Interpreting the “Inkblots” of Nature: Intelligent Design or Illusion of Design?

Mehran Banaei

Hermann Rorschach (1884-1922) was a Swiss psychiatrist well-known for developing a projective technique coined as Rorschach inkblot test. Rorschach was trying to relate human perception to personality characteristics. He believed the way subjects describe ambiguous inkblots can provide valuable clues to their basic inner feelings, personality traits, or could even diagnose mental illness, as each individual sees a given inkblot card based on his or her perception and personality. Psychologists then can deduce from the described images, if the subject is a lover, fighter, hatemonger or schizophrenic. Rorschach’s approach is meant to reveal how a person unconsciously processes information.

Our understanding of external reality could be similar to our interpretation of mishmash inkblots. We tend to project what we cherish to what is before us. If one is obdurate and does not engage in constant re-examination, an error in judgment is inevitable.      

For example, there is one particular group of scientists who adhere and promote militant atheism. The members of this group constantly look into the seemingly mother of all ambiguous cards: living organisms. Apparently, these ubiquitous natural cards are so deceptive which makes it very hard for an average layman to correctly tell what they could possibly entail. To this group, by analyzing the entire universe, the only thing that one can detect with absolute certainty is that each card is uncaused, unguided, unplanned, the end result of an undirected mindless material process that has randomly evolved out of nowhere with no purpose, no intent. All organisms in nature individually and collectively may look intelligently designed, but they are not. The illusion of design can fool unwary observers. Any other inference is nothing, but dogmatic religious interpretation. One is indeed stupid, and a pathetic loser if one thinks otherwise.

No doubt, such a card reading can tell plenty about the psychological makeup of the individual.

Ironically, ardent atheist scientists presuppose their own interpretation is not a subjective construct, but hardcore science. This is a sign of sheer arrogance and cynical overconfidence. The likes of Richard Dawkins and Lawrence Krauss would like us to think that it is science which leads them to atheism. But, is it? As it happened for one ex-atheist: Antony Flew, it was precisely science which led him to steer from atheism to theism. These supercilious scientists are so impressed with their own narcissistic interpretation; always think of themselves as being so rational, geniuses, rare prodigies that appear once in a millennium, who boldly would go where only reason and evidence point to.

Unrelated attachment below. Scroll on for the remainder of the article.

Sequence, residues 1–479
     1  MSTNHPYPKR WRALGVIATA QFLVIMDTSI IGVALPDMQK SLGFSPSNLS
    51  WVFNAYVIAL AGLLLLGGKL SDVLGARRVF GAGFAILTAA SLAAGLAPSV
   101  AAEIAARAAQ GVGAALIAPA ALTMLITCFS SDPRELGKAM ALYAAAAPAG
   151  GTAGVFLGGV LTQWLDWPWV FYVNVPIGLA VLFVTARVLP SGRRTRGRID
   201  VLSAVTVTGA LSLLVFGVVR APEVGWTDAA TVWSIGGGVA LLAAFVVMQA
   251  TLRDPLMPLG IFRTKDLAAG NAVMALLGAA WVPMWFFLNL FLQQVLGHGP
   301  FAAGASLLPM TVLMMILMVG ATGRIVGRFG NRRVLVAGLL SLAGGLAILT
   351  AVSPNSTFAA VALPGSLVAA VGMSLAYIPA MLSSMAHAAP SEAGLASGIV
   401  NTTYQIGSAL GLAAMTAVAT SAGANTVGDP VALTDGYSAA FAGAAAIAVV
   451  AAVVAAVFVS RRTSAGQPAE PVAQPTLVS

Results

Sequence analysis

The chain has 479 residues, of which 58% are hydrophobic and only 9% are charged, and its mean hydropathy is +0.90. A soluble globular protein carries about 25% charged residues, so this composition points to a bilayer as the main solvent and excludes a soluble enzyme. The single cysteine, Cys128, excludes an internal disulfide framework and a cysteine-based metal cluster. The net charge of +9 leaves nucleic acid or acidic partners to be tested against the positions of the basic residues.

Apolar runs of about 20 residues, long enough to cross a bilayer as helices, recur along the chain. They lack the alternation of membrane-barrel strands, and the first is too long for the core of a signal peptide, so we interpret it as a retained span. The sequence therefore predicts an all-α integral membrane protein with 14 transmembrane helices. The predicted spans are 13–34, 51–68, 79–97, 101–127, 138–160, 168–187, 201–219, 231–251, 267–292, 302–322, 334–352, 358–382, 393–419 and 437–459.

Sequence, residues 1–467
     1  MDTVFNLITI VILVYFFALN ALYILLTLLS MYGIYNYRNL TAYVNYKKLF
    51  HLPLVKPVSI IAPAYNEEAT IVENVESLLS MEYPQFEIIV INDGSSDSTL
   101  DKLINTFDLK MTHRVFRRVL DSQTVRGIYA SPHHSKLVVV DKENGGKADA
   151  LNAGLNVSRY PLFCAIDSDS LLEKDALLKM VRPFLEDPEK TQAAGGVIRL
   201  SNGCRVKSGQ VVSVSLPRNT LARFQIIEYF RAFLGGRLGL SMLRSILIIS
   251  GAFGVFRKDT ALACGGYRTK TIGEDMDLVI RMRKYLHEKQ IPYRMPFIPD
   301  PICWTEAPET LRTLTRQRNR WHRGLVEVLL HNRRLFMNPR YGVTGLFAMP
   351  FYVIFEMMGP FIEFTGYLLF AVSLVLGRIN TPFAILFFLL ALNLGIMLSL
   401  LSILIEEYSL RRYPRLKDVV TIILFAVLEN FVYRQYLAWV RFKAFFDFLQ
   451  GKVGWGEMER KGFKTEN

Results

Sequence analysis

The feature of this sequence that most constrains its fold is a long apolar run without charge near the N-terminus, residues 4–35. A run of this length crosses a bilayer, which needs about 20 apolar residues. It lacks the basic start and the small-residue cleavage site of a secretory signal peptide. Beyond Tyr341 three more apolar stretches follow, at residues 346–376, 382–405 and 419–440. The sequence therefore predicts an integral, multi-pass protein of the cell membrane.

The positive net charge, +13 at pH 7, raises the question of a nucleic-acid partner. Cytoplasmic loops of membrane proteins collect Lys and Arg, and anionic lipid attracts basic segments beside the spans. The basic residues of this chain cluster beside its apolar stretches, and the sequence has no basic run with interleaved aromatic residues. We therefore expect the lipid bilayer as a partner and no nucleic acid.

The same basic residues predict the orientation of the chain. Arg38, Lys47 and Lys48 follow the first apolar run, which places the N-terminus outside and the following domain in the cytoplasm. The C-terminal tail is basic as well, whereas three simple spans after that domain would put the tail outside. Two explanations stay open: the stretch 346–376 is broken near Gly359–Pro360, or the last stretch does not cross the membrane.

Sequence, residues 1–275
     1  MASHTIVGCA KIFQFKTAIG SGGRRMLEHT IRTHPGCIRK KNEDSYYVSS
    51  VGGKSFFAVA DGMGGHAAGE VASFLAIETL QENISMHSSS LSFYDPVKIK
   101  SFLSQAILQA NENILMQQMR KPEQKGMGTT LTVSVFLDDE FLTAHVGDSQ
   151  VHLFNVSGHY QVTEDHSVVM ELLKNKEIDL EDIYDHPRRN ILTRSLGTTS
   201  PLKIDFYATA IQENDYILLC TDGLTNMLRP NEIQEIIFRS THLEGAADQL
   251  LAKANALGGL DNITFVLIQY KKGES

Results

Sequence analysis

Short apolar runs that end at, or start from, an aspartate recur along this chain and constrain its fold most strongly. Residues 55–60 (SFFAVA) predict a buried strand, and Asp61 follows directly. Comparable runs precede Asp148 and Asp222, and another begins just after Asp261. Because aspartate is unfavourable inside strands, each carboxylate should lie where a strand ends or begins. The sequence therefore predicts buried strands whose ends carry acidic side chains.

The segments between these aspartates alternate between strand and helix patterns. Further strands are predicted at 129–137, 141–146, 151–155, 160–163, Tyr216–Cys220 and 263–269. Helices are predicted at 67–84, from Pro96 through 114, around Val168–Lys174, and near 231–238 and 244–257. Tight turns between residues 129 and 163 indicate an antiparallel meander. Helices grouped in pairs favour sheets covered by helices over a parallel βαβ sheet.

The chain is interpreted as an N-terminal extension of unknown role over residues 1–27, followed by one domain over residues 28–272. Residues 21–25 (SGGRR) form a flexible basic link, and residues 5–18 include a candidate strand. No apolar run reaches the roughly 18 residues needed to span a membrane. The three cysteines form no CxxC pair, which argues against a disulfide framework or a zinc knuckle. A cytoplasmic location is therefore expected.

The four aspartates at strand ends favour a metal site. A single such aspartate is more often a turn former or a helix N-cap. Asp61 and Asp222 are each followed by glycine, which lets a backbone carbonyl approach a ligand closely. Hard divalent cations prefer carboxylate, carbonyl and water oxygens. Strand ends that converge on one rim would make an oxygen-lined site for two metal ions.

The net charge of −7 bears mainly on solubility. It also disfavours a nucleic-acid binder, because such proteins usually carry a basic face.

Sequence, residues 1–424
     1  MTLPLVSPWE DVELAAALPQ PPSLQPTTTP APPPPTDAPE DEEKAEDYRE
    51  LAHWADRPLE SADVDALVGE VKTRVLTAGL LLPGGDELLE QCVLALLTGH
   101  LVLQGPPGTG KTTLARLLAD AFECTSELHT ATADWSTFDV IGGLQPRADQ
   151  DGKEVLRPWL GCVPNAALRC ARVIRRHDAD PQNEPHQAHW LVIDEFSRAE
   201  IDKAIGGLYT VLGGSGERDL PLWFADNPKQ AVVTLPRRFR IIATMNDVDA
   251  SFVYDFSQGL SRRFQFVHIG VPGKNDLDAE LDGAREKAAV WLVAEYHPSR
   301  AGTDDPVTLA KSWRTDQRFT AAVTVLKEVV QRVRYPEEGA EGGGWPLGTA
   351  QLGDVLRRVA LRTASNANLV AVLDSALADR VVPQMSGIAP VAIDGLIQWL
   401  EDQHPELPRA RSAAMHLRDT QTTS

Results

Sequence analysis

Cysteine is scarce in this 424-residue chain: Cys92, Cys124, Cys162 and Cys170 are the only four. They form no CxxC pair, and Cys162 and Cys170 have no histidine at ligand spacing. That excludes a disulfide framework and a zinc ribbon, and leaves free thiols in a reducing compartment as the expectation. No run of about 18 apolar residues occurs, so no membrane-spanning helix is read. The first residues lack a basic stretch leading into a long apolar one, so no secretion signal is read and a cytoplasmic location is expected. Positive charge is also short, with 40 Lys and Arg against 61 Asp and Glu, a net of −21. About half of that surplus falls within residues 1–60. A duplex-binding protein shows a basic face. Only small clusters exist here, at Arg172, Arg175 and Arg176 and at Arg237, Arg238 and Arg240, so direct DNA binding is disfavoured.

On the other hand, if any dissenting scientists, advocate intelligence behind complex designs, it is none other than their religious inclination which leads them to conclude there must be an Intelligent Designer involved. The conflict in visions between the atheists and the so-called “believers” is said to be due to the immaculate scientific objectivity of one group, verses the obtuse religious subjectivity of the other group, even though both groups are scientists by profession, with similar academic credentials, and products of the same educational system. One is apparently a weak slave of religious indoctrination; the other a strong champion of truth-seeking freethinkers humanist society. Why is there such a preposterous double-standard? Why should we assume the likes of Dawkins and Krauss are saints, that they cannot be dogmatically influenced by their very own atheism, influenced by their secular Godless religion, or perhaps by temptations for fame and wealth? One could be the world greatest scientist in biology or physics, but still have a dogmatic mind.

The most bizarre aspect of the Dawkinsian interpretation of nature’s “inkblots” is the attempt to universalize it, as though it is a proven fact, that there is only one valid causal explanation for the universe, and that is the naturalistic account. Everyone has to interpret inkblots the way neo-atheists do.

To maintain the naturalistic conformity, the neo-atheists shoot down any alternative explanation at the infancy by appeal to ad hominem attacks, character assignation, name calling, and condescension to regularly stigmatize and discredit their opponents, a deplorable approach in what purports to be an impartial scientific investigation. This is indeed a disgustingly low strategy to win a debate.

After all, is it not possible that organisms look like they are designed, simply because they are precisely designed for a purpose? The implication of such a possibility should not be bothersome for genuine lovers of truth. To say the least, the question deserves a fair and equal consideration. Yet, in the midst of conflicting opinions, who would most likely be in error, the one who is intolerant and displays arrogance or the one who humbly submits to the Grand Designer?







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